Traders in China are blaming the depreciation of RMB and the trade war between China and the U.S. for the 30 per cent jump in the landed cost of imported North American logs.
Despite the lowered log prices by U.S. shippers to maintain market share in China, the higher costs continue to be a major challenge to Chinese importers.
However, landed costs are getting higher than before, even after price reductions. This means competitiveness in the domestic market has weakened and traders are losing out to alternative timbers.
According to Globalwood.org, the current price for grade A processing general materials (2-4m) North America hemlock and fir in the Guangdong market is between RMB1680-1760 per cubic metre. The price for grade A processing general material (2-4m) southern pine is between RMB1580-1660 yuan per cubic metre.
Drop in plywood imports
In the first half of 2018, China’s plywood imports fell 9 per cent to 79,400 cubic metres. Imports from Malaysia were the highest at – 22 per cent, followed by Indonesia and Russia imports which saw a drop of 11 per cent and 10 per cent respectively.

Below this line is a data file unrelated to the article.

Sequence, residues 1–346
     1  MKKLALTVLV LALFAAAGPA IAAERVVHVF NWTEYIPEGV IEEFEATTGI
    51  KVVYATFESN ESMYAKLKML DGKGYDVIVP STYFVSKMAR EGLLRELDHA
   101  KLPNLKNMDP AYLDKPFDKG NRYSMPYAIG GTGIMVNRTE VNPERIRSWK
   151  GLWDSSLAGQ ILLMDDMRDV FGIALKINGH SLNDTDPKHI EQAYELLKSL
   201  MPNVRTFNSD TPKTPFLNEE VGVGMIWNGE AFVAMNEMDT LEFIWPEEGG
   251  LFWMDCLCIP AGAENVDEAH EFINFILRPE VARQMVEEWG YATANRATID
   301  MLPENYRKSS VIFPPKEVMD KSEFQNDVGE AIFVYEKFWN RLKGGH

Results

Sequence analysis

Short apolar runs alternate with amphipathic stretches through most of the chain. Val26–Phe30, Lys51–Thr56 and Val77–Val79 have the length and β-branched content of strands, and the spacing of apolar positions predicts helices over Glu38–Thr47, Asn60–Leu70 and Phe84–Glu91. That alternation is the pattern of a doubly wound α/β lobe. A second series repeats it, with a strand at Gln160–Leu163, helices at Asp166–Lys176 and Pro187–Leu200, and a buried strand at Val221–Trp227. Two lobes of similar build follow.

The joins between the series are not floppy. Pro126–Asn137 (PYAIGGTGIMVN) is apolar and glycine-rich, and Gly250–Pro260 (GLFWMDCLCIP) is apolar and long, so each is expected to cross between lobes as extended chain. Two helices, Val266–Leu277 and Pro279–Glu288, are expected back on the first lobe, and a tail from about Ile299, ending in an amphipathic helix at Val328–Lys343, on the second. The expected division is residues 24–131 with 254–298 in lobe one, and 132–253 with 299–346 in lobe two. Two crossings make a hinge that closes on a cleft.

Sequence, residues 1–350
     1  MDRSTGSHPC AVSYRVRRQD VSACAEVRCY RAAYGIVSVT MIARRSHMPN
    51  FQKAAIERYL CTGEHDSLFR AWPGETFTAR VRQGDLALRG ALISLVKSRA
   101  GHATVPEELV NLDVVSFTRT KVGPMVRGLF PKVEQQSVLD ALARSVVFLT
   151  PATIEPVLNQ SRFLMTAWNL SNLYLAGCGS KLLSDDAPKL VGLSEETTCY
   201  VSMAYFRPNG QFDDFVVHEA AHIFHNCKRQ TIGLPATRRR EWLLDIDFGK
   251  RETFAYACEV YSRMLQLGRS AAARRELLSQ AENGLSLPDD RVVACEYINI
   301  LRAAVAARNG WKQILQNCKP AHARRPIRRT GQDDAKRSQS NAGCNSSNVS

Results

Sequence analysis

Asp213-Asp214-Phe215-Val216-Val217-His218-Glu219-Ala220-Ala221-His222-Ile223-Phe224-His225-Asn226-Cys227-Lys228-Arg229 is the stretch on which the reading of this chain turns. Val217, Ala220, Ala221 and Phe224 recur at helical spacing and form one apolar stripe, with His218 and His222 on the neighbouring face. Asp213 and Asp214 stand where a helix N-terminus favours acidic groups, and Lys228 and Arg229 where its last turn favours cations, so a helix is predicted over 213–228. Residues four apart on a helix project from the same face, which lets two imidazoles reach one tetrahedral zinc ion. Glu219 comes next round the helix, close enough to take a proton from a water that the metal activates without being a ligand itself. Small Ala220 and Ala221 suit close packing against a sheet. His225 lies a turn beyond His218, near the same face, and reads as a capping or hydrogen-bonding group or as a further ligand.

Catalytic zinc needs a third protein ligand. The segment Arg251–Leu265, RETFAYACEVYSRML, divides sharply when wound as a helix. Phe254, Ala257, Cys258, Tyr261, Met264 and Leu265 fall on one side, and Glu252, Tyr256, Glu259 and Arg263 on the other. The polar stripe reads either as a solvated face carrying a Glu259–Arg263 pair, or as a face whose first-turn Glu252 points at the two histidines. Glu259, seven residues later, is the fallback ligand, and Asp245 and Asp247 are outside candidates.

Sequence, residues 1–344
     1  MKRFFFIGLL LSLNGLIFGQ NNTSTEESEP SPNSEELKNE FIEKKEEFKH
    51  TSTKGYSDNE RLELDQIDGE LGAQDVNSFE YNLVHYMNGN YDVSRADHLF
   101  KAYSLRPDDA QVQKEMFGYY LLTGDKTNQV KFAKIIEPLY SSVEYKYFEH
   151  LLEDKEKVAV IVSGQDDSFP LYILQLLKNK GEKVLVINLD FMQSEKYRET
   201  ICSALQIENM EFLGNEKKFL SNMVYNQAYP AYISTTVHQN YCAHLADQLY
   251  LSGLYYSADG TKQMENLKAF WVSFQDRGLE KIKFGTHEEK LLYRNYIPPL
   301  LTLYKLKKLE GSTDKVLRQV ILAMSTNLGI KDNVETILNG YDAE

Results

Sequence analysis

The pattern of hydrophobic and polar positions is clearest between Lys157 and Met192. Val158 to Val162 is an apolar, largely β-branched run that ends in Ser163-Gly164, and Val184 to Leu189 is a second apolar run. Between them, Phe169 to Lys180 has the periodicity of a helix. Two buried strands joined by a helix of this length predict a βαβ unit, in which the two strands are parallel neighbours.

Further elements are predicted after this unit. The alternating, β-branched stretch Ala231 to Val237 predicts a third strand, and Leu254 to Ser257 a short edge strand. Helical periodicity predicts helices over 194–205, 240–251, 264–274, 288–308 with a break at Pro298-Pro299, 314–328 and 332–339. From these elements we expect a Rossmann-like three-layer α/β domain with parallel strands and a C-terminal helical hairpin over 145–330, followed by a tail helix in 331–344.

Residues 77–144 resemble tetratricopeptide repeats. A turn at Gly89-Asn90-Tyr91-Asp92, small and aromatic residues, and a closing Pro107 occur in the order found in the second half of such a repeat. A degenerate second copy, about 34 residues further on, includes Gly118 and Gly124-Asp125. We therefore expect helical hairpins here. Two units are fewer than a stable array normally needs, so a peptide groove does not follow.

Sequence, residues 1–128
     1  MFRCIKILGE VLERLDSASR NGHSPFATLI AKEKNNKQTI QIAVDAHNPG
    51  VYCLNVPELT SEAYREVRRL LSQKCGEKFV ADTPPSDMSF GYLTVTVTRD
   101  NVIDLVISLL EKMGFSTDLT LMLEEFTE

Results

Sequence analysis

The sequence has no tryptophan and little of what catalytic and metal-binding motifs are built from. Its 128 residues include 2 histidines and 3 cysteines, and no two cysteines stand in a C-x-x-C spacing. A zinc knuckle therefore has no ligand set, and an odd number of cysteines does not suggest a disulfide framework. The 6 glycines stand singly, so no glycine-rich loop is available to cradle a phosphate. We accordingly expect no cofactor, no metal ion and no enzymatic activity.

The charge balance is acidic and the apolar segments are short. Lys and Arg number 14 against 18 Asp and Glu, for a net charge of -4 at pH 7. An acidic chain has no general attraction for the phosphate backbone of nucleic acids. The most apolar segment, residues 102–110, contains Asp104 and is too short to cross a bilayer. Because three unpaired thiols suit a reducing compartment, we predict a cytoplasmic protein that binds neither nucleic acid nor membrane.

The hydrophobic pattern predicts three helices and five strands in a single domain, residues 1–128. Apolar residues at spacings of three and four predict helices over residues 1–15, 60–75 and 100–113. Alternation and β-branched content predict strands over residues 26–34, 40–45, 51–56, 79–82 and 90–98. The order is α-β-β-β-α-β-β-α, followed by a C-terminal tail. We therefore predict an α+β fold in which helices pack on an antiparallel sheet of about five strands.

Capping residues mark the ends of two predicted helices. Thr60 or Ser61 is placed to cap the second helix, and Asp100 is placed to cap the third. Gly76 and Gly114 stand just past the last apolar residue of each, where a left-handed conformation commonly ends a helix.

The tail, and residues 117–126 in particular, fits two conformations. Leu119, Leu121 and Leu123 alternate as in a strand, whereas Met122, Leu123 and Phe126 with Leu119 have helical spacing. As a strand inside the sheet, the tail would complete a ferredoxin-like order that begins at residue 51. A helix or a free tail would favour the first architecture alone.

Russia wood makes up the highest percentage of China’s plywood imports in the first half of 2018 at 27 per cent (21,100 cubic metres), followed by Malaysia at 25 per cent (19,850 cubic metres) and Indonesia at 19 per cent (15,000 cubic metres).
Increase in timber imports from Japan
According to the data from China Customs, China has more than doubled log imports from Japan, resulting in an increase from 311,600 cubic metres in 2014 to 750,600 cubic metres in 2017. In 2017, log imports from Japan were worth US$102.44 million and the average price for logs from Japan rose 8 per cent to US$136 per cubic metre.
In 2017, China’s sawnwood imports from Japan were 74,600 cubic metres valued at US$18.44 million, a growth of 39 per cent in volume and 32 per cent in value. The average price for sawnwood from Japan was down 5 per cent to US$247 per cubic metre.